Unless you’ve been busier than Kanye West’s damage control team, you might have noticed indie authors using various crowdfunding ventures like Kickstarter to raise the scratch to produce their books. Ask people what they think about the practice and you’re bound to start an argument, usually about the money. But what if you could engineer a crowdfunding effort that uses a different sort of currency—the social media reach of those generous enough to lend their support to your book promotion? That’s what programs like Thunderclap and HeadTalker aim to do.
For both programs, often called “crowdspeaking platforms,” the system is pretty simple. Craft a “shareable” message that you would like to go out on social media. Invite people to support it. They do this by allowing the program to post the message on their behalf to their fans, friends, and followers – through Twitter, Facebook, LinkedIn, and Tumbler in the case of HeadTalker and Twitter, Facebook, and LinkedIn in the case of Thunderclap. If you get enough supporters to commit to your initiative (the “tipping” threshold differs by program), ALL the messages will be released at the same time on the same day, amplifying your reach. You will basically be glitter-bombing the interwebs with your message.
If you don’t get enough supporters, the message will not go out. Buh-bye. Done.
A lot of people have been using these programs to draw attention to a cause or an event, like kitten rescue day in the park. Maybe using it to promote a book isn’t as altruistic a cause, but it’s a small leap to see how useful Thunderclap and HeadTalker could also be for a small, focused effort like a blog tour for your new release or a giveaway.
- A lot of attention all at once. Just consider the math. Fifty friends share one message about your new book to their ninety-seven friends. That’s…okay, I’ve never been very good at math. But that’s a lot of eyeballs. It’s also kind of impressive to look down your Twitter feed and see, oh, a zillion messages buzzing around about your promotion. And all the other people who might be seeing it and sharing it.
- It’s easy and free. At least the basic plans are, which are plenty adequate for what most of us will be doing this for.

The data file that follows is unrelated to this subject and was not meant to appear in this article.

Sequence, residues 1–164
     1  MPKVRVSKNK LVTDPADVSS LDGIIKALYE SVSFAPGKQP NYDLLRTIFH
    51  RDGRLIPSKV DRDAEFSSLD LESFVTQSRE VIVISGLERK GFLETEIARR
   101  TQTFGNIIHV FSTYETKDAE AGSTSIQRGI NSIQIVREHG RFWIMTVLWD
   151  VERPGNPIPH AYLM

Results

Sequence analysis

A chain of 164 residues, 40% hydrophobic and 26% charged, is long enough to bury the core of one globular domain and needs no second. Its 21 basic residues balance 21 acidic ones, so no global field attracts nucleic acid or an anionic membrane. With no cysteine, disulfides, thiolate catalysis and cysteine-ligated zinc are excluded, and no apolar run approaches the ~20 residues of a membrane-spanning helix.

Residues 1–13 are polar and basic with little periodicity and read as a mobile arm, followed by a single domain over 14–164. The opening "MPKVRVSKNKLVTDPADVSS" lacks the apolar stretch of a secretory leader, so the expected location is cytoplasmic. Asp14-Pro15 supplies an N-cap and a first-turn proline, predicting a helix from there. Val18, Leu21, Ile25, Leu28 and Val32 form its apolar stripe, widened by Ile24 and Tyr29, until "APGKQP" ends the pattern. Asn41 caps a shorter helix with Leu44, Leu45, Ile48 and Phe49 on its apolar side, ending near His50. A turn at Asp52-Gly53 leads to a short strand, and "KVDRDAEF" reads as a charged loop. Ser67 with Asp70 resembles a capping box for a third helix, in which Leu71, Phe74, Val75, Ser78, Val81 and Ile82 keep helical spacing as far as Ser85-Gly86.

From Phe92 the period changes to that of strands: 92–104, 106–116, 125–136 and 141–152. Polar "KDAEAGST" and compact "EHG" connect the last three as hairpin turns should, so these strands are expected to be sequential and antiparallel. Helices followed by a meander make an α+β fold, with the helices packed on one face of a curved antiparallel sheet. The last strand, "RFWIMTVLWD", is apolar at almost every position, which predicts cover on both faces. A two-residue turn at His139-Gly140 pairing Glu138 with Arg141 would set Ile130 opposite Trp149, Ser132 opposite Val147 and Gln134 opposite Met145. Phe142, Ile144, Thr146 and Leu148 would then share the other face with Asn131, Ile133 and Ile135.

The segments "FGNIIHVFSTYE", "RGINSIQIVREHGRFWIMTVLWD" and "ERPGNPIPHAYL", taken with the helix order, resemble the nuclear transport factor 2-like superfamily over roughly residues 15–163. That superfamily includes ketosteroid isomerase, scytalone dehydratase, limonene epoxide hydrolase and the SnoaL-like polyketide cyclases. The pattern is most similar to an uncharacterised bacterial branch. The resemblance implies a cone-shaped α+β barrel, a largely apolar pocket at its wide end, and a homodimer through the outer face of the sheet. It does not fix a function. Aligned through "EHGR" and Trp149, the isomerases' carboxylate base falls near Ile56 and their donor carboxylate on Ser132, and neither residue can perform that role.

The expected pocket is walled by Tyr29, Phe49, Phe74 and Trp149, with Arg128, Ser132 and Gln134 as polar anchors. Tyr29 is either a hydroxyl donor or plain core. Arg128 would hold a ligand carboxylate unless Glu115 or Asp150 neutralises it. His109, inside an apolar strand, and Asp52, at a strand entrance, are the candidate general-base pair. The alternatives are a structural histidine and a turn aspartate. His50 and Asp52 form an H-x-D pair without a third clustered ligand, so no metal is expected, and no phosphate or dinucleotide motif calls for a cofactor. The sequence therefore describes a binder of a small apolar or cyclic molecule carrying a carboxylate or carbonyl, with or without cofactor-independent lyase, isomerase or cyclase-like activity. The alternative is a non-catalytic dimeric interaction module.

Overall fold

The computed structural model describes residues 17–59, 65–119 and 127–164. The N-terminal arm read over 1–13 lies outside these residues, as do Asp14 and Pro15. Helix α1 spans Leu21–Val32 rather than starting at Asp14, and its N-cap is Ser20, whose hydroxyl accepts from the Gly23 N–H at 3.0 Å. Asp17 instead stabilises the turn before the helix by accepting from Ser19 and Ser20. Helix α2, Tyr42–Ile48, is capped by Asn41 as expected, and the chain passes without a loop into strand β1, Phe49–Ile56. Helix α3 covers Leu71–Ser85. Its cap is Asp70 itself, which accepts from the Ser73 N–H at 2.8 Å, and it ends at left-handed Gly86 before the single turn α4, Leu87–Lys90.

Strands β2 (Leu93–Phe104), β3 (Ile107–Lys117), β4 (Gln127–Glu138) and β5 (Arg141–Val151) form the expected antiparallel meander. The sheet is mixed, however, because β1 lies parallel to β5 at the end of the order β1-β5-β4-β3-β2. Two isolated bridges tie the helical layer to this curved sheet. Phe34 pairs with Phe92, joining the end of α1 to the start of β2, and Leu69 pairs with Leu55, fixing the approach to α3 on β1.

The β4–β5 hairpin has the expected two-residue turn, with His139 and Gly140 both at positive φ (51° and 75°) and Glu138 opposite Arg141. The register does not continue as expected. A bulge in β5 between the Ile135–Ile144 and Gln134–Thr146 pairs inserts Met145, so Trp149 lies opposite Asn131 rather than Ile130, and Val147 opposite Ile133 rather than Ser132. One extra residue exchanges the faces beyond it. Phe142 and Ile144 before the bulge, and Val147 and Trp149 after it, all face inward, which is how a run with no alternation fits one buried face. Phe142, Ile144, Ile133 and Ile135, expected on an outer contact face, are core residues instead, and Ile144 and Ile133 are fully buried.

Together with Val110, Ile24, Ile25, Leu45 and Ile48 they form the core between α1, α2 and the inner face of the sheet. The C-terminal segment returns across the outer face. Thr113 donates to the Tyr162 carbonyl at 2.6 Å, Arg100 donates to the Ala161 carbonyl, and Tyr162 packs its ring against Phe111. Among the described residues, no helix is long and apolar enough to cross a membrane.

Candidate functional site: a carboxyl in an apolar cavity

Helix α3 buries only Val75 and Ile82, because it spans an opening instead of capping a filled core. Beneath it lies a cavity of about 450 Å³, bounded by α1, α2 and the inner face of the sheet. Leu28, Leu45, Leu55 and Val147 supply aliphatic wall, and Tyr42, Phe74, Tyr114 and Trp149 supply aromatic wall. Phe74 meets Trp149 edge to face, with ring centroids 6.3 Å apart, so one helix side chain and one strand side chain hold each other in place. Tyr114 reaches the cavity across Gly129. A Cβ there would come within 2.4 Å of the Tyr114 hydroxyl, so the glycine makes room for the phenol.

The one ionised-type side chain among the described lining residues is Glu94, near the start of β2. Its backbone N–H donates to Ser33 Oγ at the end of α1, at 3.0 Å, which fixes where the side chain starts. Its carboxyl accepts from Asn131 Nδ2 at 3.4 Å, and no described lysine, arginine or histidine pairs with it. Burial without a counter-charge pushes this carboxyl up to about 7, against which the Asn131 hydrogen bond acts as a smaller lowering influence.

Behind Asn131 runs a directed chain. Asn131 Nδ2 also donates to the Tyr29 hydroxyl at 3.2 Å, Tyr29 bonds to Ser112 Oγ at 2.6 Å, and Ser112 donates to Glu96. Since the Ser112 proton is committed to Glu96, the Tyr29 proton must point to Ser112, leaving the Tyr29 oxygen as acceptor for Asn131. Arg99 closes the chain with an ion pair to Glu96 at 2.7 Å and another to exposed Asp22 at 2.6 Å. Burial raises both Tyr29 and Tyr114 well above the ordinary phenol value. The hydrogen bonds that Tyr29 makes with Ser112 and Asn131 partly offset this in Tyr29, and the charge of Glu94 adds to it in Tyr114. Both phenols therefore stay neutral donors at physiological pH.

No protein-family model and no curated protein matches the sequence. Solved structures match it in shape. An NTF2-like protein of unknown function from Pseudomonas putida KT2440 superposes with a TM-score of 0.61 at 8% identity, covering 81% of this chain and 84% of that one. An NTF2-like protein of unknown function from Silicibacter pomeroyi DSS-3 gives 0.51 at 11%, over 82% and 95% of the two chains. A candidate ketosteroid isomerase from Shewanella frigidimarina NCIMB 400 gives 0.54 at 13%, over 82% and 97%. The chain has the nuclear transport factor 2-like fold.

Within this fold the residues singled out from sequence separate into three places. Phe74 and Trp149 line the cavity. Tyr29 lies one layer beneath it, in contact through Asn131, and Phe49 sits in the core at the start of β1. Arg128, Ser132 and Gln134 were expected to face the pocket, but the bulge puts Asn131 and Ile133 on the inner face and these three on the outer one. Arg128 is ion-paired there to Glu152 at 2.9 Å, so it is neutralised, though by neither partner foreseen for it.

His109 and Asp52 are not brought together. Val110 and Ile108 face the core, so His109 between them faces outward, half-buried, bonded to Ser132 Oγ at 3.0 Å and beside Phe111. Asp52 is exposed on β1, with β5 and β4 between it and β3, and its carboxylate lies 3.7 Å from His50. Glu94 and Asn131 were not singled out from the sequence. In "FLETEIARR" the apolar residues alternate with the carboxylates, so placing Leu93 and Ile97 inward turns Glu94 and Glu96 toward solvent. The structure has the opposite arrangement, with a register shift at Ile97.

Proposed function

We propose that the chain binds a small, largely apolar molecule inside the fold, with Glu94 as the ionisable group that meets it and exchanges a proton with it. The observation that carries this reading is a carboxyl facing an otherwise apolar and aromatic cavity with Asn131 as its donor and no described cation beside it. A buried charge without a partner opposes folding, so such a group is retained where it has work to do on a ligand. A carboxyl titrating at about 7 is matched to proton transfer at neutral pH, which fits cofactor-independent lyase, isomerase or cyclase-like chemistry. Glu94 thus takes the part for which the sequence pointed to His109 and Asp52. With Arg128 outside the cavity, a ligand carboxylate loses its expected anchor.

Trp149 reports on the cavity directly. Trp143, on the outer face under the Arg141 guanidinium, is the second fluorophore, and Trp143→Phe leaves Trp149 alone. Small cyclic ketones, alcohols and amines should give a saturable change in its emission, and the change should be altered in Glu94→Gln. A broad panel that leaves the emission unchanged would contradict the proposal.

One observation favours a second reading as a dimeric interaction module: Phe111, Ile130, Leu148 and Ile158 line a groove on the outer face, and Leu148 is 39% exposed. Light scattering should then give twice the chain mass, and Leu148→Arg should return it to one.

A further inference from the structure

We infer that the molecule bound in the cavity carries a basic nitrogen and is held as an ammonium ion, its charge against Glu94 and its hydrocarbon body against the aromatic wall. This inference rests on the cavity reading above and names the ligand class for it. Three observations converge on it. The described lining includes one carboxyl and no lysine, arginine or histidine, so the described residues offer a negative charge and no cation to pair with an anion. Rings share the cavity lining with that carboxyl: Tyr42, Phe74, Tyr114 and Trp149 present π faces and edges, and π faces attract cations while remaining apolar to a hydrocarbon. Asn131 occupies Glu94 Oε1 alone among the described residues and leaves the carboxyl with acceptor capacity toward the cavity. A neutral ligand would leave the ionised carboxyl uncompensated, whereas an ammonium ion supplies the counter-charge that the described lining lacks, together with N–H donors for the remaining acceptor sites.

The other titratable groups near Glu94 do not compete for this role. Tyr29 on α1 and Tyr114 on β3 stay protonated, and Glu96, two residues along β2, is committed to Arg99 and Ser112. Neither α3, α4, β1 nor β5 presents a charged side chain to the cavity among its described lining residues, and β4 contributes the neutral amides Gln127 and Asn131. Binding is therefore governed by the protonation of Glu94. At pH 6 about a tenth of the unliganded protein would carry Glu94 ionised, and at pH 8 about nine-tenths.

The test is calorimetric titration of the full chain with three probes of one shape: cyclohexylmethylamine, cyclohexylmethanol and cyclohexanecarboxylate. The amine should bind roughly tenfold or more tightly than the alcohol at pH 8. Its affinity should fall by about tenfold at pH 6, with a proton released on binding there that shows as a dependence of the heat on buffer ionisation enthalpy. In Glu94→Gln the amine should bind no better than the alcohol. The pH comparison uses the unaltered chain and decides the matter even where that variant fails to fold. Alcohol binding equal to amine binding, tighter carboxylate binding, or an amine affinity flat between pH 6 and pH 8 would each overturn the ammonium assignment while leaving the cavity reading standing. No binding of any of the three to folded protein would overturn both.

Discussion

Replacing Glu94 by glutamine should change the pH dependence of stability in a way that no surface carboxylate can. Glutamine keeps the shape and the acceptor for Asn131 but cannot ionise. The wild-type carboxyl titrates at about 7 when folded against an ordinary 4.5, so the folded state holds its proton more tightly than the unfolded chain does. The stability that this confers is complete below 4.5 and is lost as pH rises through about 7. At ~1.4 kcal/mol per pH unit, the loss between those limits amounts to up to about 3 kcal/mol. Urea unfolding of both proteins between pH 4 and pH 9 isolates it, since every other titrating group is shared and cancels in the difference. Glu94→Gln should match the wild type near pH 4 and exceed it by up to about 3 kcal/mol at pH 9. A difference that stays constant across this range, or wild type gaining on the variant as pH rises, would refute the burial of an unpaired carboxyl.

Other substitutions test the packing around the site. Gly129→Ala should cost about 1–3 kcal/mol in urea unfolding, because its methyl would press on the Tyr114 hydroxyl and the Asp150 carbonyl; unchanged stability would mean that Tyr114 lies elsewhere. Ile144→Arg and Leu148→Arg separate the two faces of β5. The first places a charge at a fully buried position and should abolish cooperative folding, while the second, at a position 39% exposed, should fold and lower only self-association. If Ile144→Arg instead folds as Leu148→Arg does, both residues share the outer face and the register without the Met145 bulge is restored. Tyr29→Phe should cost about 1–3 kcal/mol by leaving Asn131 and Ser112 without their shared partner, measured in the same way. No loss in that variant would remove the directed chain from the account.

- The people who choose to support you can customize the message to suit their taste. So if you don’t feel great about sending out the same message as everyone else, and want to give it your own twist, have at it!
- The programs ask for some goodwill on behalf of your friends and followers. You might not feel comfortable asking for so many favors. Everyone’s comfort level with asking for help is a little different.
- Although the programs ASSURE the privacy of those who sign up, and ASSURE that the message will only be shared once, some people are a little hinky about giving an app permission to do anything. You can, however, revoke the app’s access any time you’d like.
- The overload factor. Again, this depends on your personal threshold for seeing ninety-seven notifications about your book every time you open Twitter. It’s a lot of reach…but it’s a lot of attention. I recently ran a Thunderclap and a HeadTalker for my new book’s one-day book blog blitz, which included a Rafflecopter giveaway that went on for four days. That’s…a lot of Tweets.
How to do it (this example was done using HeadTalker):
- Go to headtalker.com and open an account. (https://www.thunderclap.it/ for Thunderclap.)
- Start a new campaign.
- Give it a title.
- Craft the main message you want people to share.
- Add a photo, text, number of supporters you want to shoot for and by what date.
- Save and submit for approval.
- Promote it using your usual sources.
- Watch the interwebs’ glitter cannons explode.
Here’s how your basic HeadTalker page will look:
I just did this for a book release. (Here’s how my Thunderclap page looked.) It was fun and generated some excitement and some new friends and followers on social media. More people knew about my new book afterward than had before. I would definitely try this again, although maybe only for BIG events like a new book launch, since it’s a lot to ask of my friends.
Have you ever tried anything like this? Participated in one? What did you like or not like about it?